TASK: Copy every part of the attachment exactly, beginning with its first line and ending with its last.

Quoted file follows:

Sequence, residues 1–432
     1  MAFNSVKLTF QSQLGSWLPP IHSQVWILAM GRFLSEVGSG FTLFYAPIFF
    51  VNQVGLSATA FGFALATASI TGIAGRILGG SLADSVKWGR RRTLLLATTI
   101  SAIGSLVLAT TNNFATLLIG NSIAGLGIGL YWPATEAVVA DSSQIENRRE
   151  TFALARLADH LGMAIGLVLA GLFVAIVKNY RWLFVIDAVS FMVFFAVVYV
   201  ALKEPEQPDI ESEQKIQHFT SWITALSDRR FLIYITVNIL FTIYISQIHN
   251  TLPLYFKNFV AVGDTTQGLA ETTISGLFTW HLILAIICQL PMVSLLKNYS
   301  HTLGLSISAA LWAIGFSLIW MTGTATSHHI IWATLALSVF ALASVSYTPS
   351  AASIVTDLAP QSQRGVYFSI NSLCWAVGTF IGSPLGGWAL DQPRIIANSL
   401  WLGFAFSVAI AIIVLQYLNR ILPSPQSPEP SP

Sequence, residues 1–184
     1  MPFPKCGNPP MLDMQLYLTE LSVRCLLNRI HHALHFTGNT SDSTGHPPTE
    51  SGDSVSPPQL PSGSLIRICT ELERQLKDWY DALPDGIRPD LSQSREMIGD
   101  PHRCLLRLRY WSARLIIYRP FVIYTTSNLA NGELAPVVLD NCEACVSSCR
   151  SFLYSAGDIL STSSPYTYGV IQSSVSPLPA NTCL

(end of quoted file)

Sequence, residues 1–432
     1  MAFNSVKLTF QSQLGSWLPP IHSQVWILAM GRFLSEVGSG FTLFYAPIFF
    51  VNQVGLSATA FGFALATASI TGIAGRILGG SLADSVKWGR RRTLLLATTI
   101  SAIGSLVLAT TNNFATLLIG NSIAGLGIGL YWPATEAVVA DSSQIENRRE
   151  TFALARLADH LGMAIGLVLA GLFVAIVKNY RWLFVIDAVS FMVFFAVVYV
   201  ALKEPEQPDI ESEQKIQHFT SWITALSDRR FLIYITVNIL FTIYISQIHN
   251  TLPLYFKNFV AVGDTTQGLA ETTISGLFTW HLILAIICQL PMVSLLKNYS
   301  HTLGLSISAA LWAIGFSLIW MTGTATSHHI IWATLALSVF ALASVSYTPS
   351  AASIVTDLAP QSQRGVYFSI NSLCWAVGTF IGSPLGGWAL DQPRIIANSL
   401  WLGFAFSVAI AIIVLQYLNR ILPSPQSPEP SP

Sequence, residues 1–184
     1  MPFPKCGNPP MLDMQLYLTE LSVRCLLNRI HHALHFTGNT SDSTGHPPTE
    51  SGDSVSPPQL PSGSLIRICT ELERQLKDWY DALPDGIRPD LSQSREMIGD
   101  PHRCLLRLRY WSARLIIYRP FVIYTTSNLA NGELAPVVLD NCEACVSSCR
   151  SFLYSAGDIL STSSPYTYGV IQSSVSPLPA NTCL